Gasa is an impact rayed crater in the Eridania quadrangle on Mars at 35.68° S and 230.72° W. and is 6.5 km in diameter. Its name was approved in 2009, it was named after a place in Bhutan. Gullies are evident in the images, it is now believed that the impact that created Gasa happened in a larger crater whose floor was covered with debris-covered glaciers. The larger crater is known as Cilaos, it is located at 35.71° S and 230.52° W. and is 21.4 km in diameter. Its name was approved on 15 August 2016, it was named after a place in the island of Réunion. Gasa Crater contains many gullies. Gullies occur on steep slopes on the walls of craters. Gullies are believed to be young because they have few, if any craters. Moreover, they lie on top of sand dunes; each gully has an alcove and apron. Some studies have found that gullies occur on slopes that face all directions, others have found that the greater number of gullies are found on poleward facing slopes from 30-44 S. For years, many believed that gullies were formed by running water, but further observations demonstrate that they may be formed by frozen carbon dioxide.
Recent studies describe using the High Resolution Imaging Science Experiment camera on MRO to examine gullies at 356 sites, starting in 2006. Thirty-eight of the sites showed active gully formation. Before-and-after images demonstrated the timing of this activity coincided with seasonal carbon dioxide frost and temperatures that would not have allowed for liquid water; when dry ice frost changes to a gas, it may lubricate dry material to flow on steep slopes. In some years frost as thick as 1 meter, triggers avalanches; this frost contains dry ice, but has tiny amounts of water ice. List of craters on Mars Media related to Gasa at Wikimedia Commons Media related to Cilaos at Wikimedia Commons
Gayle J. Fritz is an American paleoethnobotanist working out of Washington University in St. Louis and is a world expert on ancient crops, she runs the Paleoethnobotany Lab at Washington University in St. Louis under the auspices of the Anthropology Department, her work focuses on crops other than maize, such as chenopodium and amaranth, emphasizes the importance of direct radiocarbon dating when establishing the models of early agriculture. She proposes a diversity of pathways from hunting-gathering to agriculture dependent on regional variations and the intricacies of local cultures, explores the role of women in early societies challenging a "Big Chief" model of hierarchical dominance, her research interests include grain amaranth, maygrass and hickory nuts. DegreesPh. D University of North Carolina at Chapel Hill,1986. M. A University of Texas at Austin, 1975. Browman, D. L. Fritz, G. J. and Watson, P. J.: "Origins of Food-Producing Economies in the Americas." In The Human Past, edited by Christopher Scarre, pp. 306–349.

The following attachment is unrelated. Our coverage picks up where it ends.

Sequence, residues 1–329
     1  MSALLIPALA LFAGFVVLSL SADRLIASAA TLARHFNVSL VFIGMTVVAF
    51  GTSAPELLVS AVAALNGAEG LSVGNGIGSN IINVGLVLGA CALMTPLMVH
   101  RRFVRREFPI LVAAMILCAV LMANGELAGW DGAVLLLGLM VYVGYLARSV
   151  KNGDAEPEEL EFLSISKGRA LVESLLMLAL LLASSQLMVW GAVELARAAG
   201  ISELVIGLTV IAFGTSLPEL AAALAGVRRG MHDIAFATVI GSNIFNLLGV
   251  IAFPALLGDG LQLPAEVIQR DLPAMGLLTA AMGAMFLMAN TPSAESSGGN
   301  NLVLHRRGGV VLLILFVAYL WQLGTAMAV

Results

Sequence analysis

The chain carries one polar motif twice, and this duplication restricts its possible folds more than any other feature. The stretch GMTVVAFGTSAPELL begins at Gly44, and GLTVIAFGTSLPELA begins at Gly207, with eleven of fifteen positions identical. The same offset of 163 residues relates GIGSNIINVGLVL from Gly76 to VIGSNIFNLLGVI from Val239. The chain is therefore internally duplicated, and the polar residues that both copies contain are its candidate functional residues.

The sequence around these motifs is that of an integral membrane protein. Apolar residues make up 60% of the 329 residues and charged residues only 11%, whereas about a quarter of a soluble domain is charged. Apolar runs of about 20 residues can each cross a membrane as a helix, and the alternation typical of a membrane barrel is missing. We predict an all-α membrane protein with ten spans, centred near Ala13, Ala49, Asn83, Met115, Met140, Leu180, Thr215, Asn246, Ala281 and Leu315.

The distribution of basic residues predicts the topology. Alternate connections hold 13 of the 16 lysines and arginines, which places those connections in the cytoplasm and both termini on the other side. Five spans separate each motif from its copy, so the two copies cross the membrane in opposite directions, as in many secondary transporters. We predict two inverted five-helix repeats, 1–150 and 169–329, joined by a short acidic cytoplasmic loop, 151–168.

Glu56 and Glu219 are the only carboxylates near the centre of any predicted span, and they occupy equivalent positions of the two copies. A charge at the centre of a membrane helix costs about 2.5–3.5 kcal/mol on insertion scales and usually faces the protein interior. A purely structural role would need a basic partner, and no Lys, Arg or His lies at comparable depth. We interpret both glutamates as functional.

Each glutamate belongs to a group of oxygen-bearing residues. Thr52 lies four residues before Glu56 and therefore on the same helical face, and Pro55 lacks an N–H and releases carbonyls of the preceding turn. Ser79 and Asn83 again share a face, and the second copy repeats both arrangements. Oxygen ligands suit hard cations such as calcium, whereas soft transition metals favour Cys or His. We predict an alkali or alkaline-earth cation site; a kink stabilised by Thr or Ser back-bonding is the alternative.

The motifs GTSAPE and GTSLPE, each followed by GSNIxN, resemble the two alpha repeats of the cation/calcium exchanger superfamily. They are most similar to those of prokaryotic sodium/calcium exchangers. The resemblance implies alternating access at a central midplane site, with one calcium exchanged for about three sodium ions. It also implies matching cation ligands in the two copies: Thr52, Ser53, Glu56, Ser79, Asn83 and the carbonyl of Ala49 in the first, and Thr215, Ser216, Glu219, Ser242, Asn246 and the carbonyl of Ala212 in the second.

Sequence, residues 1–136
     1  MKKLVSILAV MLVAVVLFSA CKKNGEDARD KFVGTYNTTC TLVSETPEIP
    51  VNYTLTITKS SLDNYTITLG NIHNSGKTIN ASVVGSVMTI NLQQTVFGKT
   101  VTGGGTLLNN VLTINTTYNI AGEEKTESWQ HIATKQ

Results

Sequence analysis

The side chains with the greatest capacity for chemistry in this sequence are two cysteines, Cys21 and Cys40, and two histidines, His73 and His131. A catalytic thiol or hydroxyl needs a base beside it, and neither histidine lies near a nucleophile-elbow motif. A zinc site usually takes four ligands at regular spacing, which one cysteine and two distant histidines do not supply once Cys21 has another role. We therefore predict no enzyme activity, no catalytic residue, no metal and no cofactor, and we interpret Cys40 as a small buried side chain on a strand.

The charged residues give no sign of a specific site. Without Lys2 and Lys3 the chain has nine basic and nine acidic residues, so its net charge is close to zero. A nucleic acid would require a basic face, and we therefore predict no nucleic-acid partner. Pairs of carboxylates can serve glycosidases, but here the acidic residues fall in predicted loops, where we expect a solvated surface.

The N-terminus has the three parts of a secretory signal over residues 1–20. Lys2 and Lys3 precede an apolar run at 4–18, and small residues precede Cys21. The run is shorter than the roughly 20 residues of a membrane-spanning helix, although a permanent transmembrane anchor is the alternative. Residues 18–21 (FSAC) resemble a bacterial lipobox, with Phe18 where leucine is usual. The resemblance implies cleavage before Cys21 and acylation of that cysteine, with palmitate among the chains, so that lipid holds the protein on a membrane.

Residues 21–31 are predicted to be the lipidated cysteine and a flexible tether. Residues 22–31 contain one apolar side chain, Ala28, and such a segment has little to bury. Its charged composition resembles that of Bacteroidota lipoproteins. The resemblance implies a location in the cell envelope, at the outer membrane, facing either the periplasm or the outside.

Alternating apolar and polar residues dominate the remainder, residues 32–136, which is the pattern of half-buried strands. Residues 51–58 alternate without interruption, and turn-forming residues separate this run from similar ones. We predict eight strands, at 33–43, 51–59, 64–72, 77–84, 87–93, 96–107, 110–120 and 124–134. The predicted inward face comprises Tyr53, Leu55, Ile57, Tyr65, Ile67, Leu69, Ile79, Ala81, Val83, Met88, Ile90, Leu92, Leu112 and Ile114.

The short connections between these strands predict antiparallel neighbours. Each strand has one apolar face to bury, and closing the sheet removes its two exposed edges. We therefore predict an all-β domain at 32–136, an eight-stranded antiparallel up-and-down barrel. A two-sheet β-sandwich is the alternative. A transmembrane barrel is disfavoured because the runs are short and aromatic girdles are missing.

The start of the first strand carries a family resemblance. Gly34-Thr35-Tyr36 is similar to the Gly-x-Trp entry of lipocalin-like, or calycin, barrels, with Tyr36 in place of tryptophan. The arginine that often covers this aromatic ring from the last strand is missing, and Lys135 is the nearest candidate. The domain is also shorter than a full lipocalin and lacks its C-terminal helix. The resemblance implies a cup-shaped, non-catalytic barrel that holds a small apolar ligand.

Thames and Hudson, London. Fritz, G. J.: "Paleoethnobotanical Methods and Applications." In Handbook of Archaeological Methods, edited by Herbert D. G. Maschner and Christopher Chippindale, pp. 771–832. Altamira Press, Walnut Creek, California. Fritz, G. J. and Lopinot, N. H.: "Native Crops at Early Cahokia: Comparing Domestic and Ceremonial Contexts". Illinois Archaeology 14, in press. Gayle J. Fritz home page at WUSTL
Miles Alfred "Bob" Sellers was an Australian rules footballer who played with Hawthorn in the Victorian Football League. Sellers was born in the eldest child of Alfred Thomas Sellers and Florence Pearce. After commencing his football career with Ferntree Gully he joined Box Hill for a season before playing with Hawthorn from their inaugural VFL season in 1925 until 1934, as a follower and forward, he made a total of 98 league appearances. He played district cricket for the Hawthorn-East Melbourne club. In 1944 he officiated in 131 games; until Mark Fraser's umpiring debut in 2005, Sellers was the last former player to officiate in a league fixture. Miles Sellers remained an active member of the Hawthorn Football Club throughout his life, receiving a Life Membership and remaining timekeeper for the club until his death in 1971
Unguja Ukuu is a small settlement on Unguja island, in Zanzibar, Tanzania. Unguja Ukuu is an archaeological site on the island of Zanzibar; this site has yielded evidence that play out the long history of Unguja Ukuu. Artifacts found at Unguja Ukuu came from all over the world: pottery from the Far East, Near East and the Southern Mediterranean region. Other items such as rings, coins, iron artifacts and ivory have been found along with a variety of animal remains. Visitors to Unguja Ukuu, centrally located off the east coast of Africa and at the edge of the Indian Ocean, left behind evidence that this place was a central trading port. Unlike the mainland this site was influenced by foreign merchants from around the world, each left a mark on this site. Due to the trade activity here early urbanism is evident in one of the first east African trading posts. Unguja Ukuu’s location was key to pursue an unconventional settlement strategy by which its inhabitants survived on foods and goods that came from elsewhere since agriculture was not a main source of subsistence.